Canadians paralysed after drinking carrot juice

NewsGuard 100/100 Score

Carrot juice which was withdrawn from the market late last month is thought to be responsible for the illness of two Canadians who are paralyzed and are severely ill in hospital.

According to public health officials the Toronto residents drank carrot juice that has since tested positive for a botulism toxin.

The juice is said to be the same carrot juice which was recalled late in September and was one of the three brands recalled.

The juice, produced by Bolthouse Farms in Bakersfield, California was taken off North American store shelves after four cases of botulism in the United States were linked to toxic carrot juice.

One woman from Florida remains in hospital and has been unresponsive, since mid-September while three people in Georgia who suffered respiratory failure after drinking the carrot juice have been on ventilators for a month.

Botulism, though rare is a potentially fatal form of food poisoning and can cause general weakness, dizziness, double-vision and trouble with speaking or swallowing.

Difficulty in breathing, weakness of other muscles, abdominal distension and constipation may also be common symptoms and people experiencing these problems should seek immediate medical attention.

In severe cases, the paralysis can restrict breathing, forcing patients on to ventilators.

The Canadian public has been warned to avoid drinking three brands of carrot juice, Bolthouse Farms 100% Carrot Juice, Earthbound Farm Organic Carrot Juice and President's Choice Organics 100% Pure Carrot Juice.

Bolthouse Farms bottles the three brands and all are sold in one-litre and 450-millilitre containers.

Products with a "best by" date up to Nov. 11 have been recalled.

Consumers are advised to discard the products and the suggestion is that improper refrigeration has caused the problem and as carrot juice is low in acids, and bacteria will grow unless it's kept below 7 C.

This latest food scare comes after California-grown spinach tainted with a potentially deadly strain of E. coli is suspected to have caused three deaths in the U.S.and sickened people across the nation.

Only last week, the U.S. Food and Drug Administration announced it was safe to eat U.S.-packaged spinach again, but Canadian health officials have not yet followed suit and now green leaf lettuce produced by the Nunes Company, also in California's Salinas Valley, has been voluntarily recalled because of concerns about E. coli contamination.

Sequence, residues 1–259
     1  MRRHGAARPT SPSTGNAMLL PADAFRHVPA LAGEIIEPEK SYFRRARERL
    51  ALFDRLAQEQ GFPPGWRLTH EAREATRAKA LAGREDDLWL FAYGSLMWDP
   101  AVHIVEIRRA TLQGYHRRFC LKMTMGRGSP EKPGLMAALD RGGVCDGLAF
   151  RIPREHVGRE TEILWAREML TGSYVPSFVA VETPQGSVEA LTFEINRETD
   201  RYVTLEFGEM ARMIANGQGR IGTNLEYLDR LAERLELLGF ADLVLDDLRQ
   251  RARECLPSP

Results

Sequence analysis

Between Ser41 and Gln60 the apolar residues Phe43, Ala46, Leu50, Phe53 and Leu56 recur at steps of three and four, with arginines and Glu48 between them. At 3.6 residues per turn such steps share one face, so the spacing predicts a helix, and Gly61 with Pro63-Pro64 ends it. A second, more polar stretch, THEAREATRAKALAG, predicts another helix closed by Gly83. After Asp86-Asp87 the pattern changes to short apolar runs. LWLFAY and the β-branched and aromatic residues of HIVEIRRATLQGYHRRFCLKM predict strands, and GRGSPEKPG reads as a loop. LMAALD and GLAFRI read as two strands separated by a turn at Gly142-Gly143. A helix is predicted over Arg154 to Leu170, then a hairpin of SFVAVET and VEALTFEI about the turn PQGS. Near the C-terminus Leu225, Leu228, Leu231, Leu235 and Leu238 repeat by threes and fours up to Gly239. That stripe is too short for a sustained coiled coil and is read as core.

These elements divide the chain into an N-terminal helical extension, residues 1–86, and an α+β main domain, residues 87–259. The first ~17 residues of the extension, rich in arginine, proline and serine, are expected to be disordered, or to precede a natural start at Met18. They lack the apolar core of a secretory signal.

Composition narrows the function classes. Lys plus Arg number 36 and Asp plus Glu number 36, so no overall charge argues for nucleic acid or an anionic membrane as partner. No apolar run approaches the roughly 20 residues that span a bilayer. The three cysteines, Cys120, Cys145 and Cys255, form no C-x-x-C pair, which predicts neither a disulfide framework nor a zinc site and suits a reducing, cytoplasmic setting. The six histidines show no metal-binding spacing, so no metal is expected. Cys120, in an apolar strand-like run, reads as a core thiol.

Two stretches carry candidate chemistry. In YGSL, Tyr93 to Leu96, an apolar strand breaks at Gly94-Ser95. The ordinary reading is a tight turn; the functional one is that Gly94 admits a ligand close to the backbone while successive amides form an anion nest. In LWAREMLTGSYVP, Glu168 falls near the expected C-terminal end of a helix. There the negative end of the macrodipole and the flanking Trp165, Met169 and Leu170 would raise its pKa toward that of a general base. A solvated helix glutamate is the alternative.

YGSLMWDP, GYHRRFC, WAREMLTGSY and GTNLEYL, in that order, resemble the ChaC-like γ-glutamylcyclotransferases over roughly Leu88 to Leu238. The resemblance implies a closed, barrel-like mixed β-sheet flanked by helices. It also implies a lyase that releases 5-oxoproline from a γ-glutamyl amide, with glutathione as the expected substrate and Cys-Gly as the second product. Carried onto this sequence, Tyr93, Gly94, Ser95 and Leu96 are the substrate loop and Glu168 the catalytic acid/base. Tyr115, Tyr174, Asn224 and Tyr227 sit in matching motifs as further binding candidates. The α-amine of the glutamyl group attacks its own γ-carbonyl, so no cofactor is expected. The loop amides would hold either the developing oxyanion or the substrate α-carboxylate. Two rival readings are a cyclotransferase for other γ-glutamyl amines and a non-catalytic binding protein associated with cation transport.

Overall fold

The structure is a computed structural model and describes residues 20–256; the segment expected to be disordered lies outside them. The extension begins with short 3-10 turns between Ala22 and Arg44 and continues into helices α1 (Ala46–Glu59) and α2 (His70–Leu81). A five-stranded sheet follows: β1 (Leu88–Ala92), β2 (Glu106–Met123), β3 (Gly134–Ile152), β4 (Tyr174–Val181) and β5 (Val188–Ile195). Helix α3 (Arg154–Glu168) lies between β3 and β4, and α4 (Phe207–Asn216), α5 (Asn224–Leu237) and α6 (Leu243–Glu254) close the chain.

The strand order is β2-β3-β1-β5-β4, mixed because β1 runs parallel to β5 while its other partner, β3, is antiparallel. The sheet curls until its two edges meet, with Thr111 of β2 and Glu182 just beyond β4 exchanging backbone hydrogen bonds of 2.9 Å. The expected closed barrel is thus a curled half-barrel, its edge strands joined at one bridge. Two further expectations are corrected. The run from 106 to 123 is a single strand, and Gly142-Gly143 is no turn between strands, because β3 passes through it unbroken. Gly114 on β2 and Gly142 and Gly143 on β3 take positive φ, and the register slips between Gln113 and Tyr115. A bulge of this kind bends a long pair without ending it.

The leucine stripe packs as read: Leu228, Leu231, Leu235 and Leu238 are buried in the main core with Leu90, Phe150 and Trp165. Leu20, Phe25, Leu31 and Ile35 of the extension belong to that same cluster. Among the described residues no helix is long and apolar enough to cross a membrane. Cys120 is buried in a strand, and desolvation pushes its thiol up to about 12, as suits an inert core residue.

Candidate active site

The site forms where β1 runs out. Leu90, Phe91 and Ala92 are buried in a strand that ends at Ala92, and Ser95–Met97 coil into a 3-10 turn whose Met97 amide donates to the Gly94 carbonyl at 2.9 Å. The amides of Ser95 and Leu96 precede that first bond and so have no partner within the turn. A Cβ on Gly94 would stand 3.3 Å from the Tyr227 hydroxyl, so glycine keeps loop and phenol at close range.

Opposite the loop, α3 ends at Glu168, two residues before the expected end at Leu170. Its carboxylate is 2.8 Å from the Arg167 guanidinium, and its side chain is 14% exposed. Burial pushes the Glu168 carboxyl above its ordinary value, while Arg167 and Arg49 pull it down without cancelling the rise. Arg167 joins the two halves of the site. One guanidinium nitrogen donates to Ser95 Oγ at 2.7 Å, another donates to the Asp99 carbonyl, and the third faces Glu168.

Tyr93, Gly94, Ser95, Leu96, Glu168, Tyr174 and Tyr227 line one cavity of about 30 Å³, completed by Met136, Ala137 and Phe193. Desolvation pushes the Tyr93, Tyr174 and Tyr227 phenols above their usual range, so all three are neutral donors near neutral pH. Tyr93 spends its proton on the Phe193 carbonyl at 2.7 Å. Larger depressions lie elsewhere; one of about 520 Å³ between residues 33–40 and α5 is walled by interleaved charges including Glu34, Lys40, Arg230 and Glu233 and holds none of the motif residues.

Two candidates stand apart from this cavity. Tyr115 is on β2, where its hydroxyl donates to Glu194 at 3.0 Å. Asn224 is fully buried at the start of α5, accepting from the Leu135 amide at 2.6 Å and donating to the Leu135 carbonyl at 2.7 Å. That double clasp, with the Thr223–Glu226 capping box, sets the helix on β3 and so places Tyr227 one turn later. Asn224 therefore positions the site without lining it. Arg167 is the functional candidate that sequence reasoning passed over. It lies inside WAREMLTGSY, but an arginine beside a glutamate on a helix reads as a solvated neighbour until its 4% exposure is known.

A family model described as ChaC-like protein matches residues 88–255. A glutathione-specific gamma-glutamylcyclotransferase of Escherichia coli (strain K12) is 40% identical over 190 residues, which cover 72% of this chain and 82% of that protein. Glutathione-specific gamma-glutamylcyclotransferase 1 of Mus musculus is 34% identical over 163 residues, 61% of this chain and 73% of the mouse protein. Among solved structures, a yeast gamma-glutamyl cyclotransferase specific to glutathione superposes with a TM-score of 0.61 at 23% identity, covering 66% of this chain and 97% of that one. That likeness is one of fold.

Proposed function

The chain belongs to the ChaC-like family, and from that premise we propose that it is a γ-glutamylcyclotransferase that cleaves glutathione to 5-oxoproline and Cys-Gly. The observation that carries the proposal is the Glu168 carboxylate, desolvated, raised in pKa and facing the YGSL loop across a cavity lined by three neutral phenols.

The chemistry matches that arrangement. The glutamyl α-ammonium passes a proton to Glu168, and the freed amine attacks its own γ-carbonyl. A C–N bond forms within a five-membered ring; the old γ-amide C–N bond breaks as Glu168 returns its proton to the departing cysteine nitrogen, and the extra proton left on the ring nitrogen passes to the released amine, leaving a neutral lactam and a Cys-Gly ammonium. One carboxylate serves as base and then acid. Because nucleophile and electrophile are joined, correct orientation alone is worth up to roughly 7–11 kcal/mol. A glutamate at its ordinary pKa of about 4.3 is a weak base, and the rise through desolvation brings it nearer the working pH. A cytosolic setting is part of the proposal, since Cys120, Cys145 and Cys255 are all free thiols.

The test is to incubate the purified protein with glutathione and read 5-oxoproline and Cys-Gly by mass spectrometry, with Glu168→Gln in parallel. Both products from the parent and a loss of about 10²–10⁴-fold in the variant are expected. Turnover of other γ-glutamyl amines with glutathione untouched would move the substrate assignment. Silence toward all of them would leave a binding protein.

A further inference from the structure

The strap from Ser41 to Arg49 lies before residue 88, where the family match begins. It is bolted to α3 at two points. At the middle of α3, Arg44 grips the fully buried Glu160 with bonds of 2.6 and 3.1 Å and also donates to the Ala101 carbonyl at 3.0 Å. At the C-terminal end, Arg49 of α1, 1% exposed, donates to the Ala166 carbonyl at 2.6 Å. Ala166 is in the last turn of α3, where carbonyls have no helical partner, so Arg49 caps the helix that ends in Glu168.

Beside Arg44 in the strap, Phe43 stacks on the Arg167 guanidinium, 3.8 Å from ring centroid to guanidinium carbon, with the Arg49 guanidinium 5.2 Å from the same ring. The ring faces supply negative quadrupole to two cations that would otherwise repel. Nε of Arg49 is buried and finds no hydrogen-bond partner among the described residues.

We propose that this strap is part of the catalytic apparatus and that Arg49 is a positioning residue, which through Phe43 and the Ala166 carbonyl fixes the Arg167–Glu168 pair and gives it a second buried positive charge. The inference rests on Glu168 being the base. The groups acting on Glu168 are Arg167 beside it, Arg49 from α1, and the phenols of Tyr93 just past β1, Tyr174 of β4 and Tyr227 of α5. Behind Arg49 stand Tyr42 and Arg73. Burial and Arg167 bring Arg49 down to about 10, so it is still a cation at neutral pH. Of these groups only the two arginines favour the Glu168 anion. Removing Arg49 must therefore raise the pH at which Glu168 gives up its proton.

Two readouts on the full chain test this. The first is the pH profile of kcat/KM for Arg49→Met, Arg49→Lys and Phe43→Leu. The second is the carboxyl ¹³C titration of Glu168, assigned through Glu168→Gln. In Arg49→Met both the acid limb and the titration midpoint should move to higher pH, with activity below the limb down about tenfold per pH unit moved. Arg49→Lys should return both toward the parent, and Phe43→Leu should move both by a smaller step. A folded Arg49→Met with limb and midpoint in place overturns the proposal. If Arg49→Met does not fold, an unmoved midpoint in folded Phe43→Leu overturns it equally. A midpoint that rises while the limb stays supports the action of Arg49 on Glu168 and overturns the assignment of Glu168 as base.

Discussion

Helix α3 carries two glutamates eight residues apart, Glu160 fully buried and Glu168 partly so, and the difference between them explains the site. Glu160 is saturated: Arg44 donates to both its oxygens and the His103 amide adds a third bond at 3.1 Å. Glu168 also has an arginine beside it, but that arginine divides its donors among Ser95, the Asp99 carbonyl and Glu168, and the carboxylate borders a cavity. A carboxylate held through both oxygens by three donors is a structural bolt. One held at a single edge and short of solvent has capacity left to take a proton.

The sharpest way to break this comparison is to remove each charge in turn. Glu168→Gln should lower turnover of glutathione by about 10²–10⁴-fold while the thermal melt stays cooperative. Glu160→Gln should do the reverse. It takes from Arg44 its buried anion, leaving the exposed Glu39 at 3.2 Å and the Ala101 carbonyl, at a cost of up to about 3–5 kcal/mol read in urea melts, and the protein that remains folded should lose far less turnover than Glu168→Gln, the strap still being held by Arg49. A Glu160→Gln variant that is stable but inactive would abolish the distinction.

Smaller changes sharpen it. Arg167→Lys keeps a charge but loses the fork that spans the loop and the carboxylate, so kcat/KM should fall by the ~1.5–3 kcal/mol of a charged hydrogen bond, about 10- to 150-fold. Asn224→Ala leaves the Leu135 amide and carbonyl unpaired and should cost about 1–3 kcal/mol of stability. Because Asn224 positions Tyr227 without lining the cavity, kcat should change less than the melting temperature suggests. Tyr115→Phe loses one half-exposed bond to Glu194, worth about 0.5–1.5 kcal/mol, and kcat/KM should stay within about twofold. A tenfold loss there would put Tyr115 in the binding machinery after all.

The Bolthouse Farms recall is also voluntary and the farms processing facilities were examined closely by internal auditors and the FDA, and have been given the all clear.

Their carrot Juice is distributed to 50 states in the U.S. along with Mexico and Canada.

The FDA says carrot juice, like other low acid products, must be kept refrigerated to ensure product safety and properly refrigerated carrot juice poses no risk to consumer health.

However, says the FDA, all fresh carrot juice, has the potential to harbor Botulism if improperly refrigerated or exposed to elevated temperatures for extended periods of time.

Consumers who are concerned can call the FDA at 1-888-SAFEFOOD (723 3366), or Wm. Bolthouse Farms at (661) 366-7205, for more information.

Comments

The opinions expressed here are the views of the writer and do not necessarily reflect the views and opinions of News Medical.
Post a new comment
Post

While we only use edited and approved content for Azthena answers, it may on occasions provide incorrect responses. Please confirm any data provided with the related suppliers or authors. We do not provide medical advice, if you search for medical information you must always consult a medical professional before acting on any information provided.

Your questions, but not your email details will be shared with OpenAI and retained for 30 days in accordance with their privacy principles.

Please do not ask questions that use sensitive or confidential information.

Read the full Terms & Conditions.

You might also like...
Nursing resources key to improving patient experience ratings